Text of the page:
You Are With Me
There are few things more patronizing than having someone tell you to not worry when every physical object and circumstance in the present tells you otherwise. Yet, as a father, periodically I find myself going into my children’s room at night in order to calm them from a bad dream. I tell them that everything is okay; there really are no monsters in their closet. Everything else around them tells them otherwise, but I insist with them that everything will be fine.
On one particular night when my son was afraid that a bad person might come into his room while he was asleep, I assured him that he had nothing to worry about. “No bad person will climb up on the roof and enter your room in the night,” I said. And so, I promised him, he had nothing to fear.
I think back to that night with some humor as it felt as though I was explaining something that seemed obvious to me. I had full confidence that everything was going to be fine.
But I began to think of how I might respond to a situation that did not turn out as I would hope. How would I respond then?
My mind took me to a Sunday afternoon two years ago. My family and I had just pulled into our driveway after church. Coming into the house, I looked at my phone and saw that my sister had sent a text message asking me to call her. I had a bad feeling. For some reason, I knew something was not right. My heart started beating slightly faster. I called my sister and she gently told me that our dad had passed away suddenly that morning. I was shocked. We were both shocked. My initial response was that something could be done to revive him. Surely, I thought, the paramedics could still work on my dad. But it was too late. Eventually, I came to grips with the fact that my father had died.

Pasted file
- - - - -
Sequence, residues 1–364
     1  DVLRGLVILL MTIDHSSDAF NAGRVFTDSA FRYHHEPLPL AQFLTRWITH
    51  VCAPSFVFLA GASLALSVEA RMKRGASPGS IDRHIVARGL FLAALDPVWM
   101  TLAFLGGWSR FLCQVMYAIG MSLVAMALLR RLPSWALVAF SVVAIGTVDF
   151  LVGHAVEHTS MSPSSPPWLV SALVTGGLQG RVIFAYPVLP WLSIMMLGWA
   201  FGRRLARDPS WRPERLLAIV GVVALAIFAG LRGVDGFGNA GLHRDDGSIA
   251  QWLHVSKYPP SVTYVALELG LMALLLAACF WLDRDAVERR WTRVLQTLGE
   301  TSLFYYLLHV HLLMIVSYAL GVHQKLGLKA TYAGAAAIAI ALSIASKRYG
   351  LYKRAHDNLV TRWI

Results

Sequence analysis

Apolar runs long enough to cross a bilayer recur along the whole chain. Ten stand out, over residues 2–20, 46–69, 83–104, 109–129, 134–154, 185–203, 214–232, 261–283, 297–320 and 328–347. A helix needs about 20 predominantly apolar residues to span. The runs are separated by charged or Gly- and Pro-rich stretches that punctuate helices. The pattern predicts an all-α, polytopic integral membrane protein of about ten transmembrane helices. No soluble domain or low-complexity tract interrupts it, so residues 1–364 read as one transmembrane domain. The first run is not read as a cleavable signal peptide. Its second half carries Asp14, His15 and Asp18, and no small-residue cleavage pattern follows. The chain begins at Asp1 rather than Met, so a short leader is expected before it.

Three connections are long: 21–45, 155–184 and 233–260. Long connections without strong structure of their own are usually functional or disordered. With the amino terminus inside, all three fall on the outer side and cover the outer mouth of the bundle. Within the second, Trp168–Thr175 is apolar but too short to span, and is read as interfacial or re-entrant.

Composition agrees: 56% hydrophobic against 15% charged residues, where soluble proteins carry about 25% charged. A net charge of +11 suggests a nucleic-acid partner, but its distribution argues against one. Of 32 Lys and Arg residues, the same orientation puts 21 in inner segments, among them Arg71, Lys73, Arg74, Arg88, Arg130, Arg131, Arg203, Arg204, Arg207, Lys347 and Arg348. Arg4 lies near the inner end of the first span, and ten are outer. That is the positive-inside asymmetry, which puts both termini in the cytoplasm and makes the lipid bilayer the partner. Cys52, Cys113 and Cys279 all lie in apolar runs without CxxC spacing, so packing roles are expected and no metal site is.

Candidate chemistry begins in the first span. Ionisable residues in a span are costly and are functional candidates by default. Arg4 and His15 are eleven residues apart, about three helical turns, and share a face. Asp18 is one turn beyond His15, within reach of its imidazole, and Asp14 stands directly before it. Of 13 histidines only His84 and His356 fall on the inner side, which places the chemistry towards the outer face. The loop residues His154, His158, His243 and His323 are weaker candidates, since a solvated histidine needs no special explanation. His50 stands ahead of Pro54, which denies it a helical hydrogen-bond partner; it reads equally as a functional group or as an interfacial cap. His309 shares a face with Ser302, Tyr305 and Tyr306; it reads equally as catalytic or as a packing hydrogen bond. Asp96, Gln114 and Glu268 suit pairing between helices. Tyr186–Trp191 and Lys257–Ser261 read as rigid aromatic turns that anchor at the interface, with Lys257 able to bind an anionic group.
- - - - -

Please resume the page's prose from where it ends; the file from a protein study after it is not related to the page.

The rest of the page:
Now, as I think back to that day and the weeks following my father’s passing, many thoughts of him flood my mind. I remember the many poignant memories of my dad shared at his funeral service and the many warm conversations I had with those who knew my father. There was sadness, yes, but there was also a sense of hope, comfort, and light-heartedness. I knew then and I know now that I will see my father again.
One of the questions I am often asked about my dad is what I miss about him the most. Although many things come to mind, it is simply my dad’s presence that I miss most. There was a strength and comforting power in just being in a room with my father.
Yet, as I have given much thought to this feeling of profound loss of my dad, particularly longing for his presence, I am encouraged that the Christian faith responds powerfully. As I read the Scriptures, I find myriad stories of people who grieved, experienced loss, and were afraid. Psalm 23 has been instructive for me. David, the writer of this psalm, writes in verse 4:
Even though I walk through the valley of the shadow of death, I will fear no evil, for you are with me; your rod and your staff, they comfort me.
David here paints a very grim yet real portrait of evil. Evil is described as a kind of dark ravine. Although the psalm begins with the pastoral scene of sheep and a shepherd, it gradually transitions to a dark valley.